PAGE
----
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Friday, February 13, 2015

Likutay Halachos on Parshat Mishpatim

HaElohim

Judges are referred to as Elohim, the same term used for Hashem, as it implies stature and authority.[11] Also when a judge is righteous and all his words and rulings are true, the light of Hashem Himself dresses itself in him through his truthfulness, since that is a manifestation of Hashem's light.[12]
Everything in the world, even mundane transactions contain G-dly life force which allows them to exist. For most people this is not evident until the transactions are brought before a Beis Din and are analyzed according to the Torah laws, displaying the concealed elements of G-dliness that they contained all along. Therefore the judges are called 'Elohim' since they make the G-dliness and Torah recognizable in all the mundane transactions that are brought to them (Even in items like crimes, oxan, donkeys, sheep, garments and lost objects).[13]

Laws of LendingTop

It is a positive commandment to lend money to the needy. It is forbidden to charge interest. Collaterals must be returned at time of repayment. Hashem listens to the cries of the exploited.

[Lending Like HashemTop

Hashem sustained the Universe from its creation until the Giving of the Torah out kindness and as a loan that would be repaid once the Jews received the Torah. Even following this, when the Jews sinned it was befitting that Hashem return the world to a state of chaos. It is only through His kindness that He loans us existence and gives us time to pay back our debts that were created through our sins, little by little. So too we have to connect to the ways of Hashem and lend money to the poor without oppressing them, allowing them to pay back when they can, just like Hashem does not oppress us, allowing a very extended period to pay back our debts little by little.[35]

Laws of HelpingTop

One should help all fellow Jews, even his enemies who he has the right to hate due to their sins. Therefore if you see your enemy's donkey lying under its burden you should help him to unload the burden,[36] as long as he takes part in the process. There are times when one can refrain from helping, if he is an elder and it is beneath his dignity to unload a donkey or if the animal belongs to a Gentile and the burden belongs to a Jew.[36]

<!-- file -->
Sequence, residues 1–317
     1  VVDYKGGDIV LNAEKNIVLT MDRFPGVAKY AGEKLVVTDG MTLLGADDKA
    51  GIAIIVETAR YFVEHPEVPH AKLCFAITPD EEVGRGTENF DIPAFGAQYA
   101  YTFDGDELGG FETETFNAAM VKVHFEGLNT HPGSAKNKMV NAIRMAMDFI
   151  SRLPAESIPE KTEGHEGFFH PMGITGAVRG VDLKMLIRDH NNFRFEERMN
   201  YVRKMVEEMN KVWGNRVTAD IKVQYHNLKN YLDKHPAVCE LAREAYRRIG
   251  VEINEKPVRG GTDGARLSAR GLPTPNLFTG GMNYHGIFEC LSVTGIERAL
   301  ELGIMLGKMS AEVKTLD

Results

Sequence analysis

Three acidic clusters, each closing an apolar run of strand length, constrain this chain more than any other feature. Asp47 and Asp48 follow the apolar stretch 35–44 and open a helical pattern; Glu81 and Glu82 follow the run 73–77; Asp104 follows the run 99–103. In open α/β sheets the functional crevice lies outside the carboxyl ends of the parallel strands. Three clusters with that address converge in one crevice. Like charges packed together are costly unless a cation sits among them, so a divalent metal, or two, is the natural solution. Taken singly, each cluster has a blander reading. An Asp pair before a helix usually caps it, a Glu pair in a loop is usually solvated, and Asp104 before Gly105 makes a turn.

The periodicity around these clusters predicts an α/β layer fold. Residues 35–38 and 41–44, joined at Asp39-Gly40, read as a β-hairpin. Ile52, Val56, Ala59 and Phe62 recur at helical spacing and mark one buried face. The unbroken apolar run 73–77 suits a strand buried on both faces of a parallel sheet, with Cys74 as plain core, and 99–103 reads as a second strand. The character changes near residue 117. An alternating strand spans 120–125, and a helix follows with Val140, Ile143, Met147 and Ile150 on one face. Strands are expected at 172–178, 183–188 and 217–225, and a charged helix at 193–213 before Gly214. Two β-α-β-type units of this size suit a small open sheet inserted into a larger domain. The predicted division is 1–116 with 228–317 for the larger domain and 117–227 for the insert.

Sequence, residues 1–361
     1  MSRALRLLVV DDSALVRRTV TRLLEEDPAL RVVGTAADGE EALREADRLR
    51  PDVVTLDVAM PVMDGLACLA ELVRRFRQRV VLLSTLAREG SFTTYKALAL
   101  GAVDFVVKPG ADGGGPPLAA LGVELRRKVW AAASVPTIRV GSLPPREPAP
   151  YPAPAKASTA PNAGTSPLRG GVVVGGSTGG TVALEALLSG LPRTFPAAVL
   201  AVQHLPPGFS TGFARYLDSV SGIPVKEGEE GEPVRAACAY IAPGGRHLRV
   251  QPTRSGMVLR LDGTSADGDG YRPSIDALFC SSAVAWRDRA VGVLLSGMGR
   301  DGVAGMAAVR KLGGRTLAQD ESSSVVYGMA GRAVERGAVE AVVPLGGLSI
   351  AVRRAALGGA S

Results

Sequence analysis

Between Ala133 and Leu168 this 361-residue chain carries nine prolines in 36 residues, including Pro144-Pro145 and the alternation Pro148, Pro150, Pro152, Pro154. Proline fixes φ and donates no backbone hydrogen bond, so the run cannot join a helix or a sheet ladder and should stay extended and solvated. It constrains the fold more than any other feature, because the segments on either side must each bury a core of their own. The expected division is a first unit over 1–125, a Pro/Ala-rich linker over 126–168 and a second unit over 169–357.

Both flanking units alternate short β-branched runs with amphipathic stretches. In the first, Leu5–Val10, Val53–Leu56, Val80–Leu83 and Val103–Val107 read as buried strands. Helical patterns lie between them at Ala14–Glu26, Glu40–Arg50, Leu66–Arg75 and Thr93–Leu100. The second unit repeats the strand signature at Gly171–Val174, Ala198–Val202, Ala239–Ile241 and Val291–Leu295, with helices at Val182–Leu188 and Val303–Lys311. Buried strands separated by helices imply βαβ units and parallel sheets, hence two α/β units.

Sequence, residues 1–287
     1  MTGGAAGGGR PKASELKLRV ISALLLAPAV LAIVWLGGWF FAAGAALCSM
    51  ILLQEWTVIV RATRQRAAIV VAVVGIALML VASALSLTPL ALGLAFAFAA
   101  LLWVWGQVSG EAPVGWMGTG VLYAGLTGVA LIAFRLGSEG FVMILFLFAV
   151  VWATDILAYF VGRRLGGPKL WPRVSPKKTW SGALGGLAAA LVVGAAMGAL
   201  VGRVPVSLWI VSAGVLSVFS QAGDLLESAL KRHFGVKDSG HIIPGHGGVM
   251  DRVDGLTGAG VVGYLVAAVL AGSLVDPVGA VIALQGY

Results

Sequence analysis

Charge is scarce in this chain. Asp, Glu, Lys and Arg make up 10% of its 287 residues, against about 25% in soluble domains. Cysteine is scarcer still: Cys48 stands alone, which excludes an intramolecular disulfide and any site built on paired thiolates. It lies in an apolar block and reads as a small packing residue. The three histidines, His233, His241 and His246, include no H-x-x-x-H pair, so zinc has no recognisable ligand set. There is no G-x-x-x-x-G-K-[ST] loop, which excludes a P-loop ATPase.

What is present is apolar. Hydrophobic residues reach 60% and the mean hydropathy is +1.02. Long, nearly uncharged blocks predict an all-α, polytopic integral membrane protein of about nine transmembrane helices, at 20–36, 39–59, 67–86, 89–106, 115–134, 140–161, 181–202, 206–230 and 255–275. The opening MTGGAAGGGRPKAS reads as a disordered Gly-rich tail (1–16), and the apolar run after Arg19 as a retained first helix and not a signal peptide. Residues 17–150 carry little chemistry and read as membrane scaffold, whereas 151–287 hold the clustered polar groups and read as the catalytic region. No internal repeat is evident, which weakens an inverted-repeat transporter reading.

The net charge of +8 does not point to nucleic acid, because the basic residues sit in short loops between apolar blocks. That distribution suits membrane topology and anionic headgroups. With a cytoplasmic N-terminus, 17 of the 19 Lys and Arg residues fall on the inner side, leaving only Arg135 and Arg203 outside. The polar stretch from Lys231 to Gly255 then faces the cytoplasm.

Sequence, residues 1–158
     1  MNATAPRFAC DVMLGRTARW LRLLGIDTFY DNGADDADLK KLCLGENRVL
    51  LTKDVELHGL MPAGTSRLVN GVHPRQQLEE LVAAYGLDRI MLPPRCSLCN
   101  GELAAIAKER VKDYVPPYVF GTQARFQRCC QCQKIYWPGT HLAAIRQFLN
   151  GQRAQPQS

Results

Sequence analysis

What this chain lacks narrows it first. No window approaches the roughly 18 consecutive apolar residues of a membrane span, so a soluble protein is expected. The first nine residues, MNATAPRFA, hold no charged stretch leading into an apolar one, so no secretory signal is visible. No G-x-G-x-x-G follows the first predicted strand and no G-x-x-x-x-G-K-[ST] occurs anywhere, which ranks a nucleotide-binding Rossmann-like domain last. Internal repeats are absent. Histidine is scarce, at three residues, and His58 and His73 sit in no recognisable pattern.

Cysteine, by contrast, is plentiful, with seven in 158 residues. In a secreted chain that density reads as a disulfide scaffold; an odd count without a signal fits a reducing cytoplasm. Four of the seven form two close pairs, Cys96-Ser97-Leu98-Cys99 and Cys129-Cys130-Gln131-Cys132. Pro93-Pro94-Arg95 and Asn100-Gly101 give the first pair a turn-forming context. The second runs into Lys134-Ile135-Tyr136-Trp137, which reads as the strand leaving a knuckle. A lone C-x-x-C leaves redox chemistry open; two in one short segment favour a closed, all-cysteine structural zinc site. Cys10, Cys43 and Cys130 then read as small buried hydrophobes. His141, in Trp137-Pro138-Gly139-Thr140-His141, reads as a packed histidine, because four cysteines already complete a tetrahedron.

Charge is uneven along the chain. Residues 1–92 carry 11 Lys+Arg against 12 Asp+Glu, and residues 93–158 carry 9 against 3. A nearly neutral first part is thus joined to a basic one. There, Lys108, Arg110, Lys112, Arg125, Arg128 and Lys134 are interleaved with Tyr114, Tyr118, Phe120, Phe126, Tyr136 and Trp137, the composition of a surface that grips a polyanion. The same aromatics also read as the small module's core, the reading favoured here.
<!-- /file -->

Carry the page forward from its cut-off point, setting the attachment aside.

[Enemy's BurdenTop

According to the Sages the enemy discussed here is a sinner that is allowed to be hated. On a deeper level this section alludes to helping a sinner who is staggering under the weight of his sins. Once might consider ignoring him since it appears too hard to raise him from the burden of his sins. Hashem who is very merciful instructed not to abandon such a soul and one should try helping and raising him with all his might, something which the Tzadik has the power to do. However this only applies if the sinner has desire to help himself. If he has mercy on his soul and is willing to work on his Tikkun, to rid himself of the great burden of his sins but lacks the strength to do so alone, then the Tzadik has a Mitzvah to help him with all his strength. However if the sinner wants to sit by and is not interested at all in rectifying his soul, expecting the Tzadik to do everything for him, with no action on his end, then the Tzadik does not have to get involved. It is not even possible to help a person that has no interest in working on his own rectification since a person with free choice can not be helped without an awakening from inside.[37]
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While on the mountain Nadav , Avihu and the Seventy Elders gaze at the Shichina while eating and drinking, out of over excitement for Hashem[38]

Will Do Then HearTop

In their great desire for Hashem the Jews said they will do before they even heard what was required from them. At the same time they were committing to accept the future instruction of Hashem with complete faith and simplicity and to not delve into the philosophical understandings of the Mitzvot and Ways of Hashem. Only after they have 'done' whatever came out of the mouth of Moshe without asking any questions, will they 'hear' and begin to understand the reasoning for what they are doing, since when one performs the Mitzvos with complete simplicity and happiness he eventually merits to gain understanding of their deeper meanings.[39]

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